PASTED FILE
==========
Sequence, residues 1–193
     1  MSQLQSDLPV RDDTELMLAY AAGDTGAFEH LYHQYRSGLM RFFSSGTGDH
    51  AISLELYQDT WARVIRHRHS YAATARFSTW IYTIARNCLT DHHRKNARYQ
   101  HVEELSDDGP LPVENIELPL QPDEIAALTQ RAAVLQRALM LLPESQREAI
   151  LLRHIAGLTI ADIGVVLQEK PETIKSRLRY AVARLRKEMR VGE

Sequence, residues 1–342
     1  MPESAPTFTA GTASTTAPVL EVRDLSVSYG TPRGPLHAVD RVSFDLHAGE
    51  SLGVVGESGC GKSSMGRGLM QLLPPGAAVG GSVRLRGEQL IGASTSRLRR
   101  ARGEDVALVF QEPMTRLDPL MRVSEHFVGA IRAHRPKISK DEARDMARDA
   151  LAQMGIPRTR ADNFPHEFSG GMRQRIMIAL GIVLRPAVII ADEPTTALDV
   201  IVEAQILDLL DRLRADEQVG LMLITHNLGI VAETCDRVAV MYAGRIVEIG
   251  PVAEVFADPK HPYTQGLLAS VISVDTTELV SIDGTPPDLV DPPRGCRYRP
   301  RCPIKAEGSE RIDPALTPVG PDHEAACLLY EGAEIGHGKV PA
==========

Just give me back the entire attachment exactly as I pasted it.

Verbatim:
Sequence, residues 1–193
     1  MSQLQSDLPV RDDTELMLAY AAGDTGAFEH LYHQYRSGLM RFFSSGTGDH
    51  AISLELYQDT WARVIRHRHS YAATARFSTW IYTIARNCLT DHHRKNARYQ
   101  HVEELSDDGP LPVENIELPL QPDEIAALTQ RAAVLQRALM LLPESQREAI
   151  LLRHIAGLTI ADIGVVLQEK PETIKSRLRY AVARLRKEMR VGE

Sequence, residues 1–342
     1  MPESAPTFTA GTASTTAPVL EVRDLSVSYG TPRGPLHAVD RVSFDLHAGE
    51  SLGVVGESGC GKSSMGRGLM QLLPPGAAVG GSVRLRGEQL IGASTSRLRR
   101  ARGEDVALVF QEPMTRLDPL MRVSEHFVGA IRAHRPKISK DEARDMARDA
   151  LAQMGIPRTR ADNFPHEFSG GMRQRIMIAL GIVLRPAVII ADEPTTALDV
   201  IVEAQILDLL DRLRADEQVG LMLITHNLGI VAETCDRVAV MYAGRIVEIG
   251  PVAEVFADPK HPYTQGLLAS VISVDTTELV SIDGTPPDLV DPPRGCRYRP
   301  RCPIKAEGSE RIDPALTPVG PDHEAACLLY EGAEIGHGKV PA